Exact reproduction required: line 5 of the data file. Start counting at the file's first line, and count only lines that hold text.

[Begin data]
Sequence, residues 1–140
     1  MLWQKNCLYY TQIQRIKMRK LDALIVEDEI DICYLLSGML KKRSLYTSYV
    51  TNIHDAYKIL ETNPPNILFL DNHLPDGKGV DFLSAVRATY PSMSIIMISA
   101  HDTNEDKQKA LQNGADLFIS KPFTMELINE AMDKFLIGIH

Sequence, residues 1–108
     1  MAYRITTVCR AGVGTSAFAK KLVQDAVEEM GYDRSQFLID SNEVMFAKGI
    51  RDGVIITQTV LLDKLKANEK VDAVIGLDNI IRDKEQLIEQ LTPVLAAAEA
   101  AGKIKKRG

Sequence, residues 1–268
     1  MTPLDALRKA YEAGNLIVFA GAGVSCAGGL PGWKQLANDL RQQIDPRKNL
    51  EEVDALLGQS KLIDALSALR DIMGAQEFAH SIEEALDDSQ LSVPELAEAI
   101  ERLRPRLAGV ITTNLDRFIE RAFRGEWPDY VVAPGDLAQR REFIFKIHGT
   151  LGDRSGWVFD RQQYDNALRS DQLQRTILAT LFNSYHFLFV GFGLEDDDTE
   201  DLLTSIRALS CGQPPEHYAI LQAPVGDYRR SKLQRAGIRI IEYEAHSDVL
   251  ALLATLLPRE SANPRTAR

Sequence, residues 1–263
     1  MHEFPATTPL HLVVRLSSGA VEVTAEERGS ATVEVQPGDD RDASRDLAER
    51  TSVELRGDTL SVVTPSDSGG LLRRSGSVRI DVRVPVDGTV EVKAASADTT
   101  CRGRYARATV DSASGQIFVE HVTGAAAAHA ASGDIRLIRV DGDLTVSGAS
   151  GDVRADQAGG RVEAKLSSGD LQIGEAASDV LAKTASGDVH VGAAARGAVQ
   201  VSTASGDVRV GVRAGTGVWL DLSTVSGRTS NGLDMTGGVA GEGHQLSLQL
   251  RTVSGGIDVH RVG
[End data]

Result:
Sequence, residues 1–108